NV 8 Dept 24 2020

Gillam got the nod from most of our panelists. One said he would choose Gillam “all day and twice on Sunday,” noting that he has both prosecutorial and defense experience. Another said he is “devoted” to his duties “in ways that are admirable” and has a “great disposition.” Ballou was perceived not to have campaigned much, if it all, though one panelist noted she is “a zealous advocate for her cause and clients” and another noted that as a woman of color, she would “bring diversity to the bench.”

Ballou did not respond to our questionnaire or the law school team’s attempts to contact her. She does not have a campaign website and Westlaw and Lexis searches did not generate a result. According to the Nevada State Bar, she was admitted to practice in 2003. Ballotpedia states that she is a Clark County public defender and has been employed there since 2005. The only information a Google search generates, in addition to this information, is that she was the attorney Judge Douglas Herndon asked to remove her “Black Lives Matter” pin in his courtroom. 

Gilliam responded to our questionnaire and participated in an interview with a member of our law school research team. He went into private criminal defense five years ago. Prior to entering private practice, he was a prosecutor for the City of Henderson for nearly eight years after being a Clark County public defender for a little more than two years. As a whole, then, he has spent half his career as a prosecutor and half practicing criminal defense (for a wide variety of charges ranging from misdemeanors to major felonies, including kidnapping and murder). One of his self-reported cases was State v. Andrew Arevalo, in which Gilliam represented the ex-boyfriend of disbarred attorney Alexis Plunkett. He stated that this case was unique because of increased media attention and was significant to him because he spent more than two years on the case and felt he got his client the best deal possible.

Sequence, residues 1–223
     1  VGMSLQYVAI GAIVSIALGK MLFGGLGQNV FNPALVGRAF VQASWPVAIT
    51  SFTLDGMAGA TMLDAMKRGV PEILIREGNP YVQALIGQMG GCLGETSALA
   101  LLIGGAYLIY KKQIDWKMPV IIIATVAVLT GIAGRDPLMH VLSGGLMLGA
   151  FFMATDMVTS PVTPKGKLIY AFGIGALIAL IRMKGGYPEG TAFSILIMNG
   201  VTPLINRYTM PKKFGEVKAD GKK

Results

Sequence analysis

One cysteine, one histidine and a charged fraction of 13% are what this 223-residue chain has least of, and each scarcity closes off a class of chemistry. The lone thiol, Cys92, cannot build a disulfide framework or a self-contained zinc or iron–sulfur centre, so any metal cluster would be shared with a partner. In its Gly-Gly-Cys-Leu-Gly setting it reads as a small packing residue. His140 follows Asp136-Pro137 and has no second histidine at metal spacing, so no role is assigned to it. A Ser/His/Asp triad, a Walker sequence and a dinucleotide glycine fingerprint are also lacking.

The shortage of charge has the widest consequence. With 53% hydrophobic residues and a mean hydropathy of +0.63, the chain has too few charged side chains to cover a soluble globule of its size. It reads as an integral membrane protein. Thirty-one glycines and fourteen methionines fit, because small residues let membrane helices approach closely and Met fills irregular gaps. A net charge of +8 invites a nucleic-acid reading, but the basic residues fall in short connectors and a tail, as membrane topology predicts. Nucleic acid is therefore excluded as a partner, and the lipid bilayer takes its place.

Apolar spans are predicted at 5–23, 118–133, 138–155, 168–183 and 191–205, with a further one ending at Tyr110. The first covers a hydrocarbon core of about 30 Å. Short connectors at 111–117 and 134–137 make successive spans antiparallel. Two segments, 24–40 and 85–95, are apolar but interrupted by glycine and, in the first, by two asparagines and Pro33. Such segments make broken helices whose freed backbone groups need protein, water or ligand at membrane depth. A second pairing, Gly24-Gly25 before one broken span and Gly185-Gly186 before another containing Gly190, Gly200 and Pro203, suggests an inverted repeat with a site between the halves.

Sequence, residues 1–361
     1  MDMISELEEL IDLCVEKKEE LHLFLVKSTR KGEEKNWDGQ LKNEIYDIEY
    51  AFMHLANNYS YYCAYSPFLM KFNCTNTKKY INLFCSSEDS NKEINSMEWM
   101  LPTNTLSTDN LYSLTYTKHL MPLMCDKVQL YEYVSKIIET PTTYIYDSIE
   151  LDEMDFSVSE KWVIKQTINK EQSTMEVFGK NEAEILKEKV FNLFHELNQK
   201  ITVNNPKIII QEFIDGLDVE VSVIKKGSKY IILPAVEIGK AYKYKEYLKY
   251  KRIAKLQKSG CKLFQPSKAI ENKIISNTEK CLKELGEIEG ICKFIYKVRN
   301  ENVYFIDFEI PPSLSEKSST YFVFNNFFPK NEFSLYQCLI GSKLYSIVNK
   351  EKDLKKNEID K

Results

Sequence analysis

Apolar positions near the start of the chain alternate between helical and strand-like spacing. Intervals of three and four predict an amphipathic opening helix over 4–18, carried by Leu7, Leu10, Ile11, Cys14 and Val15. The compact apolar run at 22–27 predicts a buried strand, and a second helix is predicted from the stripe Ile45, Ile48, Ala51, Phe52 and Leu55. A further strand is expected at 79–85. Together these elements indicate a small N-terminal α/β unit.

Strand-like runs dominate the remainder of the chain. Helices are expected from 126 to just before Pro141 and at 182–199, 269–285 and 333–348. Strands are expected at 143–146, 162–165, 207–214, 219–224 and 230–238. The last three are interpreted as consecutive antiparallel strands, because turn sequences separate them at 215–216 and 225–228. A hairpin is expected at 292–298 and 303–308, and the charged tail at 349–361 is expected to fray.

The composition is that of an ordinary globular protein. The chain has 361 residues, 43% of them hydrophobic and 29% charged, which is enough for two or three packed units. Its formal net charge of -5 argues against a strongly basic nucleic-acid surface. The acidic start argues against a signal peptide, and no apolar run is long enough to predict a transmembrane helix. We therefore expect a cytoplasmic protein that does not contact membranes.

Gilliam has no formal citations for ethics violations and has never been accused of prosecutorial misconduct. In May of this year, Mickey Bohn (Gilliam’s former opponent who was eliminated in the primary election) filed an ethics complaint alleging that Gilliam, along with candidate Pickard, paid for and directly distributed a mailer that advertised the Nevada Republican Club’s endorsement of the candidates. A decision is still pending. When asked about this complaint, Gilliam asserted that, based on his interpretation of the law and after consulting with another judge and his campaign manager, he does not believe the advertisements violated ethics rules. He expressed no ill-will toward Bohn. He added that anyone who believes a candidate or judge may be in violation of the ethics rules should voice their concerns and allow those experienced in interpreting those rules to make the determination.